SHORPY Historic Photo Archive & Fine-Art Prints
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About the Photos

Our holdings include hundreds of glass and film negatives/transparencies that we've scanned ourselves; in addition, many other photos on this site were extracted from reference images (high-resolution tiffs) in the Library of Congress research archive. (To query the database click here.) They are adjusted, restored and reworked by your webmaster in accordance with his aesthetic sensibilities before being downsized and turned into the jpegs you see here. All of these images (including "derivative works") are protected by copyright laws of the United States and other jurisdictions and may not be sold, reproduced or otherwise used for commercial purposes without permission.

© 2018 SHORPY INC.

[REV 25-NOV-2014]

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The Photochrom Co.: 1902

The Photochrom Co.: 1902

Circa 1902. "Photochrom Co. Building, Detroit." Where Detroit Photographic's giant glass negatives were transformed into their raison d'etre -- millions of colorized postcards. 8x10 inch dry plate glass negative. View full size.

On Shorpy:
Today's Top 5

Photochrom Company building, side view

About half a year ago Shorpy presented us the side view of this building.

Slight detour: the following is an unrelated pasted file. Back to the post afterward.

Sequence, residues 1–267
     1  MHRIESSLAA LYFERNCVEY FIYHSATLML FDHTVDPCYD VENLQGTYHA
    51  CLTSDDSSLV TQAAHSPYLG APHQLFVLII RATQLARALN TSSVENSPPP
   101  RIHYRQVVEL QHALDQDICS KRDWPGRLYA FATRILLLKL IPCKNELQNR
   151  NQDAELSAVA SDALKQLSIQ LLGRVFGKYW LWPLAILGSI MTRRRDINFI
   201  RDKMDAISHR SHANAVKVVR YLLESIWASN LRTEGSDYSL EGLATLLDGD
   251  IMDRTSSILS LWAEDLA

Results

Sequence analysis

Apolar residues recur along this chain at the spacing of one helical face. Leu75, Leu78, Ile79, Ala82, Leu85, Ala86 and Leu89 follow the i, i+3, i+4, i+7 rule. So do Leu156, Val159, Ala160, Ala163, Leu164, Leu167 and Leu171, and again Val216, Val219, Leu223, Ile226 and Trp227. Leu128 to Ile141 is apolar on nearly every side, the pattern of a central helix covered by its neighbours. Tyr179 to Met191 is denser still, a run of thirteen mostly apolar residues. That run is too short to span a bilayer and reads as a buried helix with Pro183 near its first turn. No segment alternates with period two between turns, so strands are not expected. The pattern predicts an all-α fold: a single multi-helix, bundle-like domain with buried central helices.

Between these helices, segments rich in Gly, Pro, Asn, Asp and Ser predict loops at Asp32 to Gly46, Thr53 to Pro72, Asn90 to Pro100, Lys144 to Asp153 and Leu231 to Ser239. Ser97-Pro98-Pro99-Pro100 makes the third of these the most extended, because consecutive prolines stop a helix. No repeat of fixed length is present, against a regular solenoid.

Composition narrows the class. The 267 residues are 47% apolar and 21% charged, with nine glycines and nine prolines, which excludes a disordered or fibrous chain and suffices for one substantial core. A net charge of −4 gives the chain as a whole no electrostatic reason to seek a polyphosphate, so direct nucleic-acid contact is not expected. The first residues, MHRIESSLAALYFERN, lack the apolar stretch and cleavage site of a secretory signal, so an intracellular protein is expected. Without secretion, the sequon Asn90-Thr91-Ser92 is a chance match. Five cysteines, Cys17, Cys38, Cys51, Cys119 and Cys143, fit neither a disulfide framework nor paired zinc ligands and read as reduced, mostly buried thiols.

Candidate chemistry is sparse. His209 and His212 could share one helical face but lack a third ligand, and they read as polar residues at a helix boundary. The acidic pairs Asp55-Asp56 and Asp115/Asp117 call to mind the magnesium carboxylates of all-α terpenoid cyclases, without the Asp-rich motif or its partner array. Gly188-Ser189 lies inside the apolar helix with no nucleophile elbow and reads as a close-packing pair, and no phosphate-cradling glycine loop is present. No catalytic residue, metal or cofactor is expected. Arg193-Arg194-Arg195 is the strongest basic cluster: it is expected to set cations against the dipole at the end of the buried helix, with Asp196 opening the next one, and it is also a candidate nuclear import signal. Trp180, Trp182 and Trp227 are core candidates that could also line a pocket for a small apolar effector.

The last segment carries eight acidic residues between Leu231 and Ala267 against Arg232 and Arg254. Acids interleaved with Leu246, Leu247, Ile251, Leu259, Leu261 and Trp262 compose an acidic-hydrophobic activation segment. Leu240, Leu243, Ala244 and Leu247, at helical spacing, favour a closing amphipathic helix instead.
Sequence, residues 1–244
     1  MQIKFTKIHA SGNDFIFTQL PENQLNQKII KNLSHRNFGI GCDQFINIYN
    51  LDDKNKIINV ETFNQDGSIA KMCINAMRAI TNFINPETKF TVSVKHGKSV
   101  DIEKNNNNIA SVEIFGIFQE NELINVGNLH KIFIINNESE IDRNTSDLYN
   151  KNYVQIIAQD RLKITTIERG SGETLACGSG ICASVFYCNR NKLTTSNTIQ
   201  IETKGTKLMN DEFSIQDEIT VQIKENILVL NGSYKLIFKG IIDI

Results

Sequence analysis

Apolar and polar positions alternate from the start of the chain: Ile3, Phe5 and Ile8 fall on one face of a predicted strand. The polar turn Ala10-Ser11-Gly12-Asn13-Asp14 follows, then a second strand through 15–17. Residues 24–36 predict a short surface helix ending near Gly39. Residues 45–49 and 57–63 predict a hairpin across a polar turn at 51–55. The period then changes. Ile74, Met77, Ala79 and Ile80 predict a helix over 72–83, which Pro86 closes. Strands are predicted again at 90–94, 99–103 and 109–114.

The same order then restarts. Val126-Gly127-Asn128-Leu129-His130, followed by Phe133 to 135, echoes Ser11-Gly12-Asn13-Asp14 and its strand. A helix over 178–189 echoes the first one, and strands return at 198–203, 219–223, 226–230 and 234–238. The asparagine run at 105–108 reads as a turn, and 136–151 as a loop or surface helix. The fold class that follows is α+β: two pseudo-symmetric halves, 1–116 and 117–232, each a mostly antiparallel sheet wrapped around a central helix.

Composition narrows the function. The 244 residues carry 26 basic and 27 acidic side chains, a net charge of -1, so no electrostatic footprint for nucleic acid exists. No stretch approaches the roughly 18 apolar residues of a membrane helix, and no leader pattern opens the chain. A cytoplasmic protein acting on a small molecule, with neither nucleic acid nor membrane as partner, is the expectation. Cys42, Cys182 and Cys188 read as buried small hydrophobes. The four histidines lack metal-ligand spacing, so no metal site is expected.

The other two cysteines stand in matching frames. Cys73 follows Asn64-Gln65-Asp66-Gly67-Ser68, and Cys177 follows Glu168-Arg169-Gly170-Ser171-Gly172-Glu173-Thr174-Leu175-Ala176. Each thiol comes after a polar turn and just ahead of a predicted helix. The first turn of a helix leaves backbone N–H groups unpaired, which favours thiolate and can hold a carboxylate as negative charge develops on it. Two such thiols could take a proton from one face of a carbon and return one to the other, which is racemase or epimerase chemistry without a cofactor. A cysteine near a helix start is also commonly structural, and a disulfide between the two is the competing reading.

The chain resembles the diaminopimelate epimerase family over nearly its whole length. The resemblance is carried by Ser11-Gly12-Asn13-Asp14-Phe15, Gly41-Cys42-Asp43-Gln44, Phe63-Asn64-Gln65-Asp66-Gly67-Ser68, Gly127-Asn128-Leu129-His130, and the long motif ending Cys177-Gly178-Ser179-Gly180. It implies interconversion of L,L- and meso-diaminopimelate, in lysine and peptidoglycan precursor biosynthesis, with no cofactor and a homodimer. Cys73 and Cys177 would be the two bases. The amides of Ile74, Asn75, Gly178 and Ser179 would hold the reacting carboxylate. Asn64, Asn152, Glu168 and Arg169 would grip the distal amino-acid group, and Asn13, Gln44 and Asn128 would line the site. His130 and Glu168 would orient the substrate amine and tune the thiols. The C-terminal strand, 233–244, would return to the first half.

Brick work

I really like the chevron and parquet patterns here.

Found the location in the 1898 Detroit City Directory

In 1898, the Photochrom Company was located at the corner of Linden and 13th Streets.

I happily went to Google Maps ... to discover there is no 13th and Linden anymore.

Next step was finding an old Detroit map from 1895, to find that Linden Street is now Seldon Street, and 13th Street is now (for whatever reason) Vermont Street!

Thus the building was located at what is now the northwest corner of Seldon and Vermont, which is now occupied by a big imposing brick structure belonging to the DelMar Corporation.

Spring thaw

That is some mighty intimidating mud filling the streets.

SHORPY HISTORICAL PHOTO ARCHIVE | History in HD is a vintage photo archive featuring thousands of high-definition images from the 1850s to 1960s. (Available as fine-art prints from the Shorpy Archive.) The site is named after Shorpy Higginbotham, a teenage coal miner who lived 100 years ago.

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